When you’ve been pulled over for a traffic violation and you’ve been as polite and cooperative as possible, sometimes you can get off with just a warning. But often you will wind up with a ticket, which means you’ll have to pay fines. You’re problems don’t end there, though, because you can also get points against your license, which means higher insurance premiums. So let’s examine some of the best strategies you and your attorney can use to fight a traffic ticket.
Subjective Conclusion Challenge
In some states, you are allowed to challenge the officer’s perception of the events. When the officer has to make a subjective judgment about what happened, that judgment is susceptible to interpretation, and you can challenge it. Suppose, for example, you got a ticket for making an unsafe left turn. In this situation, you can fight a traffic ticket by demonstrating that the turn was actually safe and responsible considering the prevailing traffic conditions. You can also fight this ticket by showing the officer was not in a good position to accurately observe the turn.
Similarly, you can fight a traffic ticket by challenging the officer’s observations concerning what happened and the putative traffic violation. Often, this comes down to a determination of whose version of the facts is correct and which version the judge believes is true. You will, then, need to gather as much evidence as possible to support your contention, including:
- Witness statements from passengers and bystanders
- A supporting and explanatory diagram showing relative vehicle positions as well as other key locations and objects such as traffic signals
- Photographs of things like intersections, road signs, and stoplights – that is, of any relevant physical evidence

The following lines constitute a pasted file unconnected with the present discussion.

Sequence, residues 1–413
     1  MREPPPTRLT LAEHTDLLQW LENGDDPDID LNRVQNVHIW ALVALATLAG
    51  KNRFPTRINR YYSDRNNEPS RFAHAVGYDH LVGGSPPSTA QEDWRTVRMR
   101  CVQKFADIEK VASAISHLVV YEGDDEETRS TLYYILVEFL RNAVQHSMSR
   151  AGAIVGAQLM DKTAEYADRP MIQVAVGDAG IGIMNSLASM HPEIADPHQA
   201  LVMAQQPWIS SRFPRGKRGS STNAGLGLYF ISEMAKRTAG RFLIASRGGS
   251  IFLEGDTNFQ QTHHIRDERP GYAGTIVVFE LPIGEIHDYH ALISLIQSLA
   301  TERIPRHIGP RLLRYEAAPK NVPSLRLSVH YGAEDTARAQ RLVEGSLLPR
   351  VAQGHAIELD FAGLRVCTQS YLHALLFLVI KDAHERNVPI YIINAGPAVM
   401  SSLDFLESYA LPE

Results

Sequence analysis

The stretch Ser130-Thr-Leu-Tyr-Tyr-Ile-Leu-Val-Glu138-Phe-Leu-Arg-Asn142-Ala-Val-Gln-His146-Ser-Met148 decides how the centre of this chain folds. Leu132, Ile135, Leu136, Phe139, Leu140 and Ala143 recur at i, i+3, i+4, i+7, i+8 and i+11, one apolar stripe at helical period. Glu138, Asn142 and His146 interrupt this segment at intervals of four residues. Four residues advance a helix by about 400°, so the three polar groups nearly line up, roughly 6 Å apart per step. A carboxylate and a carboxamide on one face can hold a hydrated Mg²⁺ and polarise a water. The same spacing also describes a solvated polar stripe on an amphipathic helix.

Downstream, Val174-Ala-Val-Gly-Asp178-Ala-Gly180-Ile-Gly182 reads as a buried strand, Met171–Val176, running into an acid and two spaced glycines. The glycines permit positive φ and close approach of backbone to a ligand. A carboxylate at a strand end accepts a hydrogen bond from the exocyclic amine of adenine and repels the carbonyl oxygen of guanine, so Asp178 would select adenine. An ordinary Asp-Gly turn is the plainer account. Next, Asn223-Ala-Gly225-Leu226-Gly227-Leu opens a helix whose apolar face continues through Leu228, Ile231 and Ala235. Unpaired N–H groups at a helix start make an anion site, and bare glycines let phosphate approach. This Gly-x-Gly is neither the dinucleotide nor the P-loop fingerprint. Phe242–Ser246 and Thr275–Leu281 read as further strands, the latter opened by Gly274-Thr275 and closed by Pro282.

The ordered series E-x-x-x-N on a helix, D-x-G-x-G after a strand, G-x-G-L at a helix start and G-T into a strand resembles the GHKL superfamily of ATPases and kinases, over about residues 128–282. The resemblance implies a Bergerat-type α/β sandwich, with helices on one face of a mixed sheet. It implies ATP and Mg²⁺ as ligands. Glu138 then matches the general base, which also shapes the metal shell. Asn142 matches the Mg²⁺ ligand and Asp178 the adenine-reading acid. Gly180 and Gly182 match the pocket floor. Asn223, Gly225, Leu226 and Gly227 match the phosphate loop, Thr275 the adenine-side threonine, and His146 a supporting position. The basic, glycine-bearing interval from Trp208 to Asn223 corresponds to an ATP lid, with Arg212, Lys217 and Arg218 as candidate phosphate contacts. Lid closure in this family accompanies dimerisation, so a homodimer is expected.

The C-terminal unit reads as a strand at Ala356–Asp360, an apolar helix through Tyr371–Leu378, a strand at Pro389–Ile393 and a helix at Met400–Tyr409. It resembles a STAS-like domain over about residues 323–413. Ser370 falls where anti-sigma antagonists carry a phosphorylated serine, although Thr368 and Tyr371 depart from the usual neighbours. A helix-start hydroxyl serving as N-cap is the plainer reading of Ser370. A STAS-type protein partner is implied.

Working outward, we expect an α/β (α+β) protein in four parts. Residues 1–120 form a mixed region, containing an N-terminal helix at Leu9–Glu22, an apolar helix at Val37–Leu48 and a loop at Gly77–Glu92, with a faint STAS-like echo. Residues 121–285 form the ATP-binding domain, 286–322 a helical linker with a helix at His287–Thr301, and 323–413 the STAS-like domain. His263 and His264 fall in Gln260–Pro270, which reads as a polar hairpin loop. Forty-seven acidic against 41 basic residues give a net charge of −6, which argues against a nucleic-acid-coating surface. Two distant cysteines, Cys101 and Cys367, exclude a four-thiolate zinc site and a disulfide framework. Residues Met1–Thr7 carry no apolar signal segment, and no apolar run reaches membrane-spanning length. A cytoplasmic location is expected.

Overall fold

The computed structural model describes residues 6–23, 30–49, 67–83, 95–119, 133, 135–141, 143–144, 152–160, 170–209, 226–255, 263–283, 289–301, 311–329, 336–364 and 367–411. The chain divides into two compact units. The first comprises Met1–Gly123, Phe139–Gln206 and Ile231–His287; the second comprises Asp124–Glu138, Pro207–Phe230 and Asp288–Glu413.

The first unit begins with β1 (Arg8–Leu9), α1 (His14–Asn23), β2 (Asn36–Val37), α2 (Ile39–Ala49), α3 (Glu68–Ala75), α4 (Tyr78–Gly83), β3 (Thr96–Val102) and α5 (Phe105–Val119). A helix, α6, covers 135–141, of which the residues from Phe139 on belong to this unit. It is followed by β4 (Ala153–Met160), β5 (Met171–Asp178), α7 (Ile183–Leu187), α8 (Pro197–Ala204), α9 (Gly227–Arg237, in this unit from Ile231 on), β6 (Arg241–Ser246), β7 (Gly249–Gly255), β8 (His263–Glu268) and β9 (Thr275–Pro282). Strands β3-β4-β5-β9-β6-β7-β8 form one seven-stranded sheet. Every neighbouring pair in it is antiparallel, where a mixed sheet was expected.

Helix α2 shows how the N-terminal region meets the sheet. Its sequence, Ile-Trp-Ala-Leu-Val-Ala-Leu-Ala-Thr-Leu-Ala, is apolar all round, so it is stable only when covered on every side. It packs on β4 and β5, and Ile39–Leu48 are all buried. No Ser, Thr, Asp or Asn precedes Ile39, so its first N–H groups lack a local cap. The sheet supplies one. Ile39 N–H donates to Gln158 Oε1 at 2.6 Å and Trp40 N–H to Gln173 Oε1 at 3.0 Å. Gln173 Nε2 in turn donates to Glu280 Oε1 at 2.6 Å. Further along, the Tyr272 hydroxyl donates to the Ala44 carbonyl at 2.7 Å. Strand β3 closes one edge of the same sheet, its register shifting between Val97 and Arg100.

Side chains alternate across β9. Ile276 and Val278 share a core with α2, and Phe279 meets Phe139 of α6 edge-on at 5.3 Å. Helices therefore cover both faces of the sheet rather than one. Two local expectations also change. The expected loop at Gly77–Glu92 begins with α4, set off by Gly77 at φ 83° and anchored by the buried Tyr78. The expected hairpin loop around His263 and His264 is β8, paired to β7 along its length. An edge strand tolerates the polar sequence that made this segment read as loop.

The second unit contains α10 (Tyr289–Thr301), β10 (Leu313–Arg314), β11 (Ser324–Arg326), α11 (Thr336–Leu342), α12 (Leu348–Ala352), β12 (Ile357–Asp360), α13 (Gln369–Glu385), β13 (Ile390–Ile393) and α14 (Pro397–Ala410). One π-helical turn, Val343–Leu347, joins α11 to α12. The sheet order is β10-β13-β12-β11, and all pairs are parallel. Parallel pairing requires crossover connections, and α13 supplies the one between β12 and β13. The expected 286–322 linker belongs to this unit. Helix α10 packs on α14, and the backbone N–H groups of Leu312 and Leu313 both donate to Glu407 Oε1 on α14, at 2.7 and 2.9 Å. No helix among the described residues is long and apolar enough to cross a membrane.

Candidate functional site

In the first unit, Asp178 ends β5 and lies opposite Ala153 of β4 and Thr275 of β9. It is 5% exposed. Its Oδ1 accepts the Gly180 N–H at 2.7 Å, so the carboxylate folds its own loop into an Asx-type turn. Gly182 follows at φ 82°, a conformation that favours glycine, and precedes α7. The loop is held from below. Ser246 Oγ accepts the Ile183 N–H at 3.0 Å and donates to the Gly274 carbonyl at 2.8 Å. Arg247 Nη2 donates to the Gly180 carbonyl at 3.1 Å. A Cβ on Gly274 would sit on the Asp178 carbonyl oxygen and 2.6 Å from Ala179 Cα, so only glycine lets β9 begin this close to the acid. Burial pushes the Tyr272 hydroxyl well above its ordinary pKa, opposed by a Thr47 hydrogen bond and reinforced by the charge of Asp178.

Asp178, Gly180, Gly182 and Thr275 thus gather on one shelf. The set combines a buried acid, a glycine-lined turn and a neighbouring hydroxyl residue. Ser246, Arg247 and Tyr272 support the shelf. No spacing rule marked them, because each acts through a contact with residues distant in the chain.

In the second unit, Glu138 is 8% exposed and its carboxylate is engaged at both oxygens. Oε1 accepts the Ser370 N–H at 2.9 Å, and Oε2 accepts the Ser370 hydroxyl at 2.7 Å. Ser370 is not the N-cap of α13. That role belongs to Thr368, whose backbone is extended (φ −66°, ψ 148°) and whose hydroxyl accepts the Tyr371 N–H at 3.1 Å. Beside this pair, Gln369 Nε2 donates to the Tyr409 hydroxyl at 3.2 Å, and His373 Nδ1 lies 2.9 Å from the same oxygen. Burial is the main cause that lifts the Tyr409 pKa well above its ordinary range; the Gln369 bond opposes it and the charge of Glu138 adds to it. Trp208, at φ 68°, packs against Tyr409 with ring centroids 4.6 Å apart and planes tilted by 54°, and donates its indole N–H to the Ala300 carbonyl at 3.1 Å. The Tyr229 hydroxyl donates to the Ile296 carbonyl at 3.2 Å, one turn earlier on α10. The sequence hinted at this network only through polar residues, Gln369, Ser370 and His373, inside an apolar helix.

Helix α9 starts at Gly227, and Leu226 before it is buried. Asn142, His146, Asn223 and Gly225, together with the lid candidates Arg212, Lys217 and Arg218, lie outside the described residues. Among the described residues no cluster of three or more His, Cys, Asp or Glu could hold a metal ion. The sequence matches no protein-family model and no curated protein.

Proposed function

- Anything that may cast doubt on the officer’s version of the facts, especially her ability to accurately observe the incident
Proof of Mistake of Fact
Sometimes judges allow some flexibility with respect to circumstances beyond your control and honest, reasonable errors. If you can show that such circumstances obtained or that you made such an error, then you may successfully fight a traffic ticket owing to the judge’s finding that you made a “mistake of fact.” Suppose, for example, you were cited for failing to stop at a stop sign. But if it was storming and the sign was hidden by a broken tree branch, this could constitute a mistake-of-fact scenario.
Proof of Legally Justified Conduct
You can also fight a traffic ticket if you can prove that your actions were legally justified in light of the surrounding circumstances. If, for example, you were cited for driving too slow in the left lane, you can attempt to prove that your speed was legally justified because you had to slow down in order to make a safe left turn. The benefit of this tactic is that you aren’t simply challenging the officer’s observations or judgments, but raising an additional, pertinent legal point.
Proof of Necessary Conduct to Avoid Harm
Another effective strategy for fighting a traffic ticket is the so-called legal-necessity defense, which is recognized in all states. In this case, your attorney’s job will be to prove that your actions, which resulted in the traffic ticket, were necessary in order for you to avoid harm. Here’s an illustrative example. You are driving in the right lane, but are boxed in by cars in front and back, and another car is coming right at you on the on ramp. In this case, speeding up beyond the posted speed limit in order to pass the car in front of you and avoid a collision with the car on the on ramp would be legally justified.
Best Way to Fight a Traffic Ticket
The mere fact of your getting a traffic ticket doesn’t necessarily mean you deserve that ticket. Sometimes, then, you should fight a traffic ticket. But you need a qualified attorney with experience in this area to help you fight it and to increase your chances of victory. If you’ve received a ticket that you think is unjustified, contact a member of the Trusted Lawyers Network at TrustedLawyers.com to discuss your case.